Everything though today seems to be aimed at the young - I hear it all the time - young people this, young people that, well most of them wouldn't be here if it wasn't for their slightly more middle aged parents - and we don't get a look in ! Our time though will come, as everything moves in circles.

On a personal note, I have been offered a job ! Before you get too excited I am not going to be the Acquisitions Editor at some big publishing house, but a part time sales consultant for a local retailer.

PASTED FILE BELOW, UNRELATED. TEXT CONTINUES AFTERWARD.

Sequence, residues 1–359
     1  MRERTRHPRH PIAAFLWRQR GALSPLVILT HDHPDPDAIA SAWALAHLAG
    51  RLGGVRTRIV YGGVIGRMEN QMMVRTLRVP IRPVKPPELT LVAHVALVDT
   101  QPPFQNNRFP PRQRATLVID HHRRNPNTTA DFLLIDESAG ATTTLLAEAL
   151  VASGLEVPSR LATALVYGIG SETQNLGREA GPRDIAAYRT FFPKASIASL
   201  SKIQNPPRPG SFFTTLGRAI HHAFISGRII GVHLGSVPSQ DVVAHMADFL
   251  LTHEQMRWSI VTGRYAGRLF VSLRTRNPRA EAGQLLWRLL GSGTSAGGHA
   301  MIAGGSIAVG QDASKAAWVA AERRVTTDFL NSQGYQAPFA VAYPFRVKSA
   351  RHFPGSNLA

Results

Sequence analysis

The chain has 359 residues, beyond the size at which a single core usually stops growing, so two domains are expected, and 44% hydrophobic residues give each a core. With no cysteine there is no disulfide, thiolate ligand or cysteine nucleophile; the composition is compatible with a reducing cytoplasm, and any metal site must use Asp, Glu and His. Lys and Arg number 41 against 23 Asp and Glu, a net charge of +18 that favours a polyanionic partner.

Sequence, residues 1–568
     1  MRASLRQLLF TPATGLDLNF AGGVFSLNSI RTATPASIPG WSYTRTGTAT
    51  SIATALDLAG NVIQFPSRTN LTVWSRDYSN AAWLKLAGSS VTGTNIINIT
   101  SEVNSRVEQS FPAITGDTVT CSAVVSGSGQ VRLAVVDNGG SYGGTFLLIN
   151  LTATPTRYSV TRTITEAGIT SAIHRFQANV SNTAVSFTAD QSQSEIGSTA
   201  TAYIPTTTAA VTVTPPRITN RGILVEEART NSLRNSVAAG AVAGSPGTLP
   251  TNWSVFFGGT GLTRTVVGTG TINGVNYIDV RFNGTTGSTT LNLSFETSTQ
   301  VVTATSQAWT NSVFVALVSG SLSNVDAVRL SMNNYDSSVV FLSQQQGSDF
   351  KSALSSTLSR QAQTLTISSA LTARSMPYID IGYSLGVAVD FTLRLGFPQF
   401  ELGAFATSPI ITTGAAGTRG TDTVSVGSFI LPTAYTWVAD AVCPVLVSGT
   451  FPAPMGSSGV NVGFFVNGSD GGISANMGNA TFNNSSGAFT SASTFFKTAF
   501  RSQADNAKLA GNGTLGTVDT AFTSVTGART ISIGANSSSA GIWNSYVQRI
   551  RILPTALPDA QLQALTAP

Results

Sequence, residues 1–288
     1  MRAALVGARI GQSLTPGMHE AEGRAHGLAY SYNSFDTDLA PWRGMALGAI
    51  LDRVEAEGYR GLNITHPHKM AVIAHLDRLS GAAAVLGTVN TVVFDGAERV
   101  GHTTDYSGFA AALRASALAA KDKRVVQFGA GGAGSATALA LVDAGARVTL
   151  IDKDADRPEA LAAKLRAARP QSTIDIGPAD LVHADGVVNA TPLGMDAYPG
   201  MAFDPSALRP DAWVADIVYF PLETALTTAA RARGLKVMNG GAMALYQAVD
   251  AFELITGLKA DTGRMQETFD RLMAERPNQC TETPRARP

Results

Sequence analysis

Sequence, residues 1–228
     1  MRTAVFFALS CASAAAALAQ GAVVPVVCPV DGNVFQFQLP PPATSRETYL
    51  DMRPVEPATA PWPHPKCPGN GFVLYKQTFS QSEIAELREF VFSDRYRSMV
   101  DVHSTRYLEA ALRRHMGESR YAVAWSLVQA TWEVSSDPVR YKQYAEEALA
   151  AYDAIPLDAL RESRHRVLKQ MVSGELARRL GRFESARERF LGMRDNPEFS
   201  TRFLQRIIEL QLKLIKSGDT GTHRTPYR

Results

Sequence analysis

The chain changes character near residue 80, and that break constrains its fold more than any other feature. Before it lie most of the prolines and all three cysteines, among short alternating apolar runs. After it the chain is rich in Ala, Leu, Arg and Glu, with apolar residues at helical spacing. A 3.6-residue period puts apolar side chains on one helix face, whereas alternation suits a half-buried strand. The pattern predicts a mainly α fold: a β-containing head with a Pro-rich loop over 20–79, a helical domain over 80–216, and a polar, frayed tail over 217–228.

The job is not particularly well paid (the basic salary is just above minimum wage), but with bonuses the opportunity is there to earn a lot more. Apparently their top people can earn bonuses of several thousand pounds (perhaps I will be able to afford an ad in the Bookseller!).

The hours are 10am to 3pm 4 days a week (Monday to Friday), which means that I will still be home in time to carry on my telemarketing campaign. The best time to make these calls I have discovered is late afternoon, as Managers tend to have meetings with reps in the morning and then have late lunches. I start on Monday 19th November. Wish me luck!